Dir: Masaki Kobayashi (Kaidan; Human Condition I-III)
A Samurai film that deconstructs the genre, Harakiri is a truly great film. On par with the great Kurosawa movies, it is compelling through and through. The fact that the film sneaks in a pretty devastating political message to boot makes it both important and entertaining.
In the 1600's, peace reigns and warriors starve in the streets. At the beginning of the film, Hanshiro Tsugumo (Tatsuya Nakadai) arrives at the house of a powerful family asking to commit ritual suicide (seppuku or harakiri) on their grounds. During the preparations, we learn that a similar request was made a week ago by another samurai, one whose ignobility was exposed. This earlier man was forced to kill himself in a most gruesome way. The film unravels the relationship between the two would-be suicides and the samurai code that controls their actions.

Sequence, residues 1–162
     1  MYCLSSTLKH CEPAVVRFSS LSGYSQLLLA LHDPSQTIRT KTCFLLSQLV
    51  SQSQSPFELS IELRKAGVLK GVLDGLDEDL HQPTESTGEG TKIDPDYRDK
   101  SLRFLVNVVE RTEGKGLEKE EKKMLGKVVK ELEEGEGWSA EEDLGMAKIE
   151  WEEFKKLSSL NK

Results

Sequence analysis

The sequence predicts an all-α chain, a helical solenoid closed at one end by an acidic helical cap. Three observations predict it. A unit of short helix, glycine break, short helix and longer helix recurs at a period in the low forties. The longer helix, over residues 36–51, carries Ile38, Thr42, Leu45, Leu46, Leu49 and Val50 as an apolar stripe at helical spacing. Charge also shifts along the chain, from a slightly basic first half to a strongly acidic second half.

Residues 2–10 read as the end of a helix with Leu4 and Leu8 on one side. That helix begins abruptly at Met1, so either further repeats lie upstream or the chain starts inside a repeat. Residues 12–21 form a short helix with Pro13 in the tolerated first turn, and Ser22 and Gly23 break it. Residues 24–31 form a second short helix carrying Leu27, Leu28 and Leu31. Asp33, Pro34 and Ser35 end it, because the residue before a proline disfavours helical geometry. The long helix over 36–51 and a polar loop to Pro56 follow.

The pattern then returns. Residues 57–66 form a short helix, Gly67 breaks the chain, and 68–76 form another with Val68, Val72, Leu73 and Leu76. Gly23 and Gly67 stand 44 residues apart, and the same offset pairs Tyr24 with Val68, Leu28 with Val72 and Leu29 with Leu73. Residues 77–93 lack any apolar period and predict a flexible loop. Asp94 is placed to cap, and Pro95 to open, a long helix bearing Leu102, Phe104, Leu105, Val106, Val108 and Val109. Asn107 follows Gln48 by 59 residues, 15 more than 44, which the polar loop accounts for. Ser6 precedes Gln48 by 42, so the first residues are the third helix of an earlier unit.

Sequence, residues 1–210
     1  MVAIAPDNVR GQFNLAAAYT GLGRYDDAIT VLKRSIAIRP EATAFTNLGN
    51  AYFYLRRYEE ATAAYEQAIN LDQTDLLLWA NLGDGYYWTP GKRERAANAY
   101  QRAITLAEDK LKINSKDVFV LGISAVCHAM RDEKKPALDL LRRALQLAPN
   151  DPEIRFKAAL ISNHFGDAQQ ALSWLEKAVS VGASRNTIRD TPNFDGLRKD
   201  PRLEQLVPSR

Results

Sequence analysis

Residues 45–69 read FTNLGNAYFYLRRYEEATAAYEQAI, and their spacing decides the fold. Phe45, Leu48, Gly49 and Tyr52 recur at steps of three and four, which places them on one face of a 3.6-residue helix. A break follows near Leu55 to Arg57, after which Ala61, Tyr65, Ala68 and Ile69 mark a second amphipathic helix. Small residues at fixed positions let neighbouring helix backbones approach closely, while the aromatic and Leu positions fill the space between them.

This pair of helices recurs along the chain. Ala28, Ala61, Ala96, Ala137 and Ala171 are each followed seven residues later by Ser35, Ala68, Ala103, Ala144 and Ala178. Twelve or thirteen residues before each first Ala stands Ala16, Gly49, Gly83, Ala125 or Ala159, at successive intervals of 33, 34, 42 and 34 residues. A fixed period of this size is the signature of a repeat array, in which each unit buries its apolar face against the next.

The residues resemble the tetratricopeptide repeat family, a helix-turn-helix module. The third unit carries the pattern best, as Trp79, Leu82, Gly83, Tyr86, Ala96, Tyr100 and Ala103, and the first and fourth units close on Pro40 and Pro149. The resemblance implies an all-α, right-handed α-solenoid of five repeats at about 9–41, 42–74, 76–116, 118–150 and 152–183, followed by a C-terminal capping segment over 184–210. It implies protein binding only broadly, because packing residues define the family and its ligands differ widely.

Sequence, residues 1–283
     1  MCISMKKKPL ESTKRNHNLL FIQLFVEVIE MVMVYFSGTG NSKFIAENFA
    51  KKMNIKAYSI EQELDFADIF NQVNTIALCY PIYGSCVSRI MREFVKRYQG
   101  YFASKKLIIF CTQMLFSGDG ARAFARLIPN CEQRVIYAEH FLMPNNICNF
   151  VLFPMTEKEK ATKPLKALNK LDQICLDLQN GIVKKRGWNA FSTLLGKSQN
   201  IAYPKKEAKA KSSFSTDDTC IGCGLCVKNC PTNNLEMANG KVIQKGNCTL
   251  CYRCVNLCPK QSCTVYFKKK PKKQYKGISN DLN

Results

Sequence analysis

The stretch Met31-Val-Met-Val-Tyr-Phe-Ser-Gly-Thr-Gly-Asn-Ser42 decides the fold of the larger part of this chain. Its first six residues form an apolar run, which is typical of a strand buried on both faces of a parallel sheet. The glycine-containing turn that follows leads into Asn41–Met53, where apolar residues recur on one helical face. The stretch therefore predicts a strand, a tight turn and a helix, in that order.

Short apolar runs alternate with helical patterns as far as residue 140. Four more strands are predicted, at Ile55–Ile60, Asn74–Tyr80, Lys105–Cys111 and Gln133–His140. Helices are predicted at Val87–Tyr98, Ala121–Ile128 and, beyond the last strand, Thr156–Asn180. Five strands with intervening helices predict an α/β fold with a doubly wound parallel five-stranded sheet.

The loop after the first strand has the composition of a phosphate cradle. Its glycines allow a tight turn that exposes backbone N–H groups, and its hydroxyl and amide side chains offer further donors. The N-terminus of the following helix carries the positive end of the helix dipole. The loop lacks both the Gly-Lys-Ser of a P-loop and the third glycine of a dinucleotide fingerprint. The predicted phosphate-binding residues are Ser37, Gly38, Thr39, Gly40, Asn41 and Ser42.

The story itself is expertly put together, unpredictable and engaging and filled with tension. It is simultaneously uplifting and maudlin, political but universal, tense but contemptlative, but always enthralling. Nakadai and Akira Ishihama are brilliant as the two protagonists, altering their performance as more of the story is unveiled. The lone action sequence at the end of the film is unique and balletic, a sophisticated bit of sword play that drives character as well as resolves the narrative.
Kobayashi strongly indicts a culture that claims codes of honor yet allows abject poverty, that invests power in the hands of a duplicitous few who hide behind tradition to cover their own cowardice, and elevates faith to family and love above political allegiance. He takes acts of depseration and turns them into triumphs. Throughout, his camera finds symbols of Samurai legend and juxtaposes them with the true actions of those who claim to live by the code. Like the latter-day western, Harakiri deconstructs the genre and finds truths applicable to the modern day. I really loved it.
This film won the Jury Prize at Cannes. It deserved more. Even with To Kill A Mockingbird in the mix. It is a splendid, brilliant film, one of the best I have seen from Japan.